An interesting footnote in history concerns Mother Theresa. A Catholic nun, recently deceased, she attempted to save the lost and dying in the streets of Calcutta, India with much fanfare. Turns out, she died with virtually no personal belief in Christianity. In very private letters, which she did not want made public, disclosed this to the church’s hierarchy. She had big-time reservations concerning God/Jesus for most of her adult life. But, went on to save the lost anyway because she didn’t have the guts to move on with her life. Besides, people put her saintliness so high on a pedestal she would rather live a lie than admit she might have been wrong about her faith. Don’t get me wrong. Helping people is OK and commendable and a human thing to do. Doing it under the pretense of saving lost souls doesn’t work and must have been pretty depressing. But, as expected, the Catholic Church quickly put their spin on it calling her spiritually void period something “all great saintly people go through”. Then started proceedings to move her into the saintly realm. Her “spiritually void” period lasted for 50 odd years. So much for honesty.

The arguments Christians make to those of us who have moved on usually start by questioning your previous commitment. How do you respond to that? I guess they should know since God is no longer on your side. I lost that one. Another ploy is to start quoting the Bible as if you haven’t heard every verse concerning the lost - over and over. I loose that one too. The final and most insulting stage is the “I’m going to pray for you” stage. Realizing some do have a sincere but misguided interest in your soul but knowing most wish you a lifetime in hell since you are no longer in the club. I usually tell them I appreciate the thought. To them this is final confirmation of my eternally lost soul.

There is no way of knowing but I would venture to say that I’ve heard or read every major Christian sermon know to man on every possible subject from the most simple to the most intellectual. I have pondered, thought and agonized over many of them. I really don’t need another. I’ve had a lifetime of them, in fact, several lifetimes. At this point I start to imagine what a world without religion would be like. Think about it. The implications are staggering since every major conflict has religion at its root. It took years just to get to the point where I would even entertain such a thought. What is striking to me now is the arrogance some people with religion have. Usually proportional to how deep you chose to go or how many people follow your every word. I now view the more prominent Christian personalities completely different than before. The confidence and surety the have is amazing and very compelling. No wonder people will drop their common sense at the door and drink the Kool-Aid.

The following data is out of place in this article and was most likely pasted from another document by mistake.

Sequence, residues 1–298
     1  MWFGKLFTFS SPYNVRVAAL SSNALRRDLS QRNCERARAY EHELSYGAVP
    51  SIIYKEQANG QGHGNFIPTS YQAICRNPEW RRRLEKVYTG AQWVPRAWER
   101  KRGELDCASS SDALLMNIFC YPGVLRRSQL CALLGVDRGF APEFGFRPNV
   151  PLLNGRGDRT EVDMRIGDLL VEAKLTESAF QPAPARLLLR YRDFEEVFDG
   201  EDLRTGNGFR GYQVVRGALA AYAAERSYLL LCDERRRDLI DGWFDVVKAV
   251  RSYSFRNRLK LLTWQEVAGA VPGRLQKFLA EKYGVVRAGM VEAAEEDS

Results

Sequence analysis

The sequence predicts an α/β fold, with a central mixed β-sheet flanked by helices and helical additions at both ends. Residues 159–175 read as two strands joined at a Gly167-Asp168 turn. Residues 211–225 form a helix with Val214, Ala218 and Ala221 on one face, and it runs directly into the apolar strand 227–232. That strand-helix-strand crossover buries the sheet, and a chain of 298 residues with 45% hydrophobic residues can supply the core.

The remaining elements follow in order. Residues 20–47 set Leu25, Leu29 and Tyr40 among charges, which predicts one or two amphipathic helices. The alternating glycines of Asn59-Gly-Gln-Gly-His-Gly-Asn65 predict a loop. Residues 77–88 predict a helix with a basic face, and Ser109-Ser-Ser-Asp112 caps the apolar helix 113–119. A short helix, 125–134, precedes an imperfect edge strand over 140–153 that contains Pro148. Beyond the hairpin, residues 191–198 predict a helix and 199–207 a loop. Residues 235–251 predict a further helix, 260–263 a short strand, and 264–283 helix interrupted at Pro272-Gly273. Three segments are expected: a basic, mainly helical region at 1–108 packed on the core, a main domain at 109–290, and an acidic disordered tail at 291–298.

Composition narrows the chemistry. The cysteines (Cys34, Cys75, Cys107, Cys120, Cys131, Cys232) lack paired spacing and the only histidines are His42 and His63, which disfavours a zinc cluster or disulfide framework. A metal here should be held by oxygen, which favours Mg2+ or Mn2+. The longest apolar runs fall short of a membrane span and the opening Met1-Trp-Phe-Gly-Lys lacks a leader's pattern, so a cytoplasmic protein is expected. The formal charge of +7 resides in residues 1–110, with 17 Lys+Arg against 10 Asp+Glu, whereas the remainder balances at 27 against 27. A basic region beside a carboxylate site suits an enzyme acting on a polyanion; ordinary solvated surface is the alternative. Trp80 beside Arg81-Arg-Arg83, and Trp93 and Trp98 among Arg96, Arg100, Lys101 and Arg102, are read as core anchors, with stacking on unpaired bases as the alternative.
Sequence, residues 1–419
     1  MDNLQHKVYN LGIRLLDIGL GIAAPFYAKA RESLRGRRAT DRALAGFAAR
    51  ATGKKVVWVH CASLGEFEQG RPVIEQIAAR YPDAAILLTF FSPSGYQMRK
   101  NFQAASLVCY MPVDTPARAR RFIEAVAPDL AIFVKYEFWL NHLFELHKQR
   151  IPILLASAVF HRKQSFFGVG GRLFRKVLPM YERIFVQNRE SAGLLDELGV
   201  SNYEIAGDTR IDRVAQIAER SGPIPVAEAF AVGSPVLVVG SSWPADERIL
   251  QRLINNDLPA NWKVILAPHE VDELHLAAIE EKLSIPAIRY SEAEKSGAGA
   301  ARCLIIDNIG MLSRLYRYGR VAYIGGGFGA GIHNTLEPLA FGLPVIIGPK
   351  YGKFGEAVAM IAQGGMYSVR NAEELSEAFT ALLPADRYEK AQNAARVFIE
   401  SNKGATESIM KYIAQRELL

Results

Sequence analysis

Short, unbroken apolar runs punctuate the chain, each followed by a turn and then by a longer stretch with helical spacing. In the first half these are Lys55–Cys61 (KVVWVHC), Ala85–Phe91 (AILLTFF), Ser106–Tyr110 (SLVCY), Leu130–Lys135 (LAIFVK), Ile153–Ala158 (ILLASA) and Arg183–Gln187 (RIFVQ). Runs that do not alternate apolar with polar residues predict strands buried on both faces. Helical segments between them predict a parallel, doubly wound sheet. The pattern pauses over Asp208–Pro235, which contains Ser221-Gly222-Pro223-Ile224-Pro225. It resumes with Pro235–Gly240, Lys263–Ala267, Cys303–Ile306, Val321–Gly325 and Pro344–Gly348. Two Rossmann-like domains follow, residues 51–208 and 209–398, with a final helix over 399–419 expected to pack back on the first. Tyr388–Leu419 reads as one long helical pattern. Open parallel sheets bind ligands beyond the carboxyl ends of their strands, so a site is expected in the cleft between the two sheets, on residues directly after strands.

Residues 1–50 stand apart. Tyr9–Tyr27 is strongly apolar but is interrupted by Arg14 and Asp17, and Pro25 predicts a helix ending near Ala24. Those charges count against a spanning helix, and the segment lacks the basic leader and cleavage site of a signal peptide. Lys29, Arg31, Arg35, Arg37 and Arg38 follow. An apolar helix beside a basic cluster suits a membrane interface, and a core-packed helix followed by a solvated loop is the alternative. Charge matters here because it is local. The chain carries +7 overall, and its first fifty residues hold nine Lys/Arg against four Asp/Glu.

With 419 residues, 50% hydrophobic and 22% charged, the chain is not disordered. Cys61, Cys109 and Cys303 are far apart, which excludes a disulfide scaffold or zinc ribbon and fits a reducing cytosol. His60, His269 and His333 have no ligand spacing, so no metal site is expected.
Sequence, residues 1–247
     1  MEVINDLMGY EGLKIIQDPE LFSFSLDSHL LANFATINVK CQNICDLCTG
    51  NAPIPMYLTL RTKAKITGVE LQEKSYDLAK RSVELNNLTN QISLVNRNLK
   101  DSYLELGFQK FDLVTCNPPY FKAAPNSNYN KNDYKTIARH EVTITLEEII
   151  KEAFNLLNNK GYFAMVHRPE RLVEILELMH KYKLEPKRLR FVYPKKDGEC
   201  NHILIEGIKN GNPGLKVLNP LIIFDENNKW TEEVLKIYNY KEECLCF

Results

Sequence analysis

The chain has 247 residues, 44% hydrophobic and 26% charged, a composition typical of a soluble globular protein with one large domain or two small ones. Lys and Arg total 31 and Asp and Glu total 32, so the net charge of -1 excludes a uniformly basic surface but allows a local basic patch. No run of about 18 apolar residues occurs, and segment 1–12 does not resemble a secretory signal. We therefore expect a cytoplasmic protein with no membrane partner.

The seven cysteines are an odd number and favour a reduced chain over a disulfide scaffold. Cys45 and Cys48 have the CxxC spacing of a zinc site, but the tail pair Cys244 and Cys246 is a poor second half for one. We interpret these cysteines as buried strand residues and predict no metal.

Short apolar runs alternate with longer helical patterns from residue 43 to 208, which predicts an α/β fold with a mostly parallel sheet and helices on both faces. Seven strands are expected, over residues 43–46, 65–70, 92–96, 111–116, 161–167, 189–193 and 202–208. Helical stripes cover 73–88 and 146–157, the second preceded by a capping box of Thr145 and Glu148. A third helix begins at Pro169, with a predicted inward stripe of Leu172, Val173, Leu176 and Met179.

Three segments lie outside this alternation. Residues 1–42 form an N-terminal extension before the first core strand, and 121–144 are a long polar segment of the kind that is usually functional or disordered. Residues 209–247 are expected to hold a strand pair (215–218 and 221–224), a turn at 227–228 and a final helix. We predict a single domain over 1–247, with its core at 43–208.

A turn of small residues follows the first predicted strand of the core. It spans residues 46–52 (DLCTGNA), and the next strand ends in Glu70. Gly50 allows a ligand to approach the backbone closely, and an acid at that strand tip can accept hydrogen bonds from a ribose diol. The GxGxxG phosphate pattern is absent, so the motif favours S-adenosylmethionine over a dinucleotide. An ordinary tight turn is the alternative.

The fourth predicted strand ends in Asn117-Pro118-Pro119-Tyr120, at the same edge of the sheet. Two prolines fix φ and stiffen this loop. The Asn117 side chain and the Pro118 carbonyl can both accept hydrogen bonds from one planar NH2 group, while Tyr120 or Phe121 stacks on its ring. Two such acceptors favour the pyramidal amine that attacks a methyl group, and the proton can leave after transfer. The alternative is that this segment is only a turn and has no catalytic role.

To me one of the most damaging things about Christianity and probably all other religions is the worldview you develop. Even now, as I no longer want to be identified with Christianity, certain aspects of it still haunt me. It colors every area of your life depending on how serious you are or were about your beliefs. As a practicing believer it gives you a smugness that only you and your group have the truth. All others are suspect. Usually there’s an interrogation period when a newcomer happens to cross your path and you blow it as you set up the you against me defense system. A great way to meet new people. The worldview that is equally bad is the thought that there’s a battle going on all around and your mind happens to be the battlefield. The war of good against evil is going on – right in your head! This delusion makes for some real distortion and most never return. One part that doesn’t seem to get answered adequately is that if Jesus finished the work on the cross then why is it still going on in my head? You can spend a lot of time on that one. It goes nowhere. Believing that God, angels, demons, Satan, etc are reading your mind sets the stage for real problems. Don’t believe me? How about people who strap bombs to their belt and step on a bus? They’re not doing it to get to the other side of town. Pretty powerful stuff. The Middle East is full of people with a distorted worldview caused by religion.